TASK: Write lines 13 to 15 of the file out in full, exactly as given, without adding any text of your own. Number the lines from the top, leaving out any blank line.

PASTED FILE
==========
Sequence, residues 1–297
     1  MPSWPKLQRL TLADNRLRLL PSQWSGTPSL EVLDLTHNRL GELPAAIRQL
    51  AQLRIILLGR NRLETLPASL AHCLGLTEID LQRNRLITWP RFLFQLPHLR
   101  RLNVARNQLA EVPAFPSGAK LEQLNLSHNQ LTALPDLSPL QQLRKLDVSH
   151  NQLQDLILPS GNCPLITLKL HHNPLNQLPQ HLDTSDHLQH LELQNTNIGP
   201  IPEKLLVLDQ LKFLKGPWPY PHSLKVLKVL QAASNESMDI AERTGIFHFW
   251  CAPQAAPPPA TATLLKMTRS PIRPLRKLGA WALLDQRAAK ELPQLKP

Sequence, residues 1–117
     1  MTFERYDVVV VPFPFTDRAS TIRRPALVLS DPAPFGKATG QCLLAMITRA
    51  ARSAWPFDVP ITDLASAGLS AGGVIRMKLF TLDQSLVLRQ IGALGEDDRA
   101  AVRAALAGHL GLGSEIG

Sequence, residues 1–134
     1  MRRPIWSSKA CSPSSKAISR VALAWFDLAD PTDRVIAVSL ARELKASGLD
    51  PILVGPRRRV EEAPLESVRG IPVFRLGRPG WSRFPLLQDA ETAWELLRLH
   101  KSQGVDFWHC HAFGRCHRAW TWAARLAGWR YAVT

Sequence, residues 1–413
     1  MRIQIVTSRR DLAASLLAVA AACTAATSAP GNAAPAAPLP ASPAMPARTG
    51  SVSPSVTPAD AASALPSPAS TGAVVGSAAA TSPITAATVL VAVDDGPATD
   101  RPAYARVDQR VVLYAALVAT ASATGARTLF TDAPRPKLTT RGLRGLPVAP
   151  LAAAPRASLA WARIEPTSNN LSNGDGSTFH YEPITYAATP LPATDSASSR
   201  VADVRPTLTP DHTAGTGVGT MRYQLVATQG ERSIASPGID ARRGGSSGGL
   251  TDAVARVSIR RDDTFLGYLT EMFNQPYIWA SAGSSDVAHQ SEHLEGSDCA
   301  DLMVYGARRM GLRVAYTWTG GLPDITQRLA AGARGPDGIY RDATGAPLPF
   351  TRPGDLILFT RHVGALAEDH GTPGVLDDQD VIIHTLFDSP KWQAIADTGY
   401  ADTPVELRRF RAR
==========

     1  MRRPIWSSKA CSPSSKAISR VALAWFDLAD PTDRVIAVSL ARELKASGLD
    51  PILVGPRRRV EEAPLESVRG IPVFRLGRPG WSRFPLLQDA ETAWELLRLH
   101  KSQGVDFWHC HAFGRCHRAW TWAARLAGWR YAVT